רבן גמליאל אומר אם מיאנה מיאנה ואם לאו תמתין עד שתגדיל ותצא הלזו משום אחות אשה Rabban Gamliel says: If the minor refuses of her own accord, her refusal is valid. And if not, she should wait until she reaches majority, whereupon her marriage is valid by Torah law, and that widowed adult sister shall be exempt from levirate marriage due to her status as the sister of a wife.
רבי יהושע אומר אי לו על אשתו אי לו על אשת אחיו מוציא את אשתו בגט ואשת אחיו בחליצה: Rabbi Yehoshua says: When the brother married to the adult sister dies, leaving the brother married to the minor, woe [ee] to him for his wife, woe to him for his brother’s wife. Under these circumstances, he loses both women: He must release his own wife with a bill of divorce and his brother’s wife by performing ḥalitza. He cannot stay married to his wife because she is the sister of his yevama, and he cannot enter into levirate marriage with the yevama even after divorcing his wife, because the yevama is his wife’s sister. The principle that one is completely absolved from levirate marriage when the potential yevama is a forbidden relative does not apply because Torah law does not recognize his marriage to his minor wife. That marriage’s rabbinic sanction does not suffice to render the yevama, his wife’s sister, a forbidden relative who is not a candidate for levirate marriage.
גמ׳ ומי שרי והתני בר קפרא לעולם ידבק אדם בשלשה דברים ויתרחק משלשה דברים ידבק בשלשה דברים בחליצה ובהבאת שלום ובהפרת נדרים ויתרחק משלשה דברים מן המיאון ומן הפקדונות ומן הערבונות מיאון דמצוה שאני: GEMARA: The Gemara inquires about Rabbi Eliezer’s suggestion to instruct the minor to refuse: Is it permitted to instruct her to refuse? Doesn’t bar Kappara teach: A person should always cling to three things and distance himself from three things. He should cling to three things: To ḥalitza rather than levirate marriage, to bringing about peace, and to the nullification of vows. And he should distance himself from three things: From refusal; and from accepting deposits, as he is then responsible for them; and from serving as a guarantor. The Gemara answers: A refusal for a mitzva is different, as this refusal is performed to allow the mitzva of levirate marriage to be fulfilled with the other sister.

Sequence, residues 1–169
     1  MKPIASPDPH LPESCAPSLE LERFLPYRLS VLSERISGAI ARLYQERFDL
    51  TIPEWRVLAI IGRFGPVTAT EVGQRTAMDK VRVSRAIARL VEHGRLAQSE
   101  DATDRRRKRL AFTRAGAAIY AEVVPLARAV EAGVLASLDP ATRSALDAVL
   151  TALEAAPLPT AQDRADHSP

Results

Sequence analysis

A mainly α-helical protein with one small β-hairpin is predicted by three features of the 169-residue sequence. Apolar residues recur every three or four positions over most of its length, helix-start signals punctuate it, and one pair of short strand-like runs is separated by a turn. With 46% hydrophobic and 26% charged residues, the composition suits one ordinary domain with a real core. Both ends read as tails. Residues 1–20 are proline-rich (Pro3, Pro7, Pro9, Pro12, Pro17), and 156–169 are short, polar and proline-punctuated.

גופא תני בר קפרא לעולם ידבק אדם בשלשה דברים בחליצה כאבא שאול דתניא אבא שאול אומר הכונס את יבמתו לשם נוי לשם אישות לשם דבר אחר כאילו פוגע בערוה וקרוב בעיני להיות הולד ממזר § The Gemara explains the details of the matter itself. Bar Kappara taught: A person should always cling to three things: To ḥalitza; this is in accordance with the opinion of Abba Shaul, as it is taught in a baraita: Abba Shaul said: One who marries his yevama for her beauty, or for the sake of matrimony because he wants to be married to her, or for some other reason, such as her money, it is as if he is having intercourse with a woman forbidden to him, and in my eyes it is almost as if his offspring were a mamzer. Therefore, it is preferable that one performs ḥalitza and avoids sin.
בהבאת שלום דכתיב (תהלים לד, טו) בקש שלום ורדפהו One should cling to bringing about peace, as it is written “Seek peace and pursue it” (Psalms 34:15).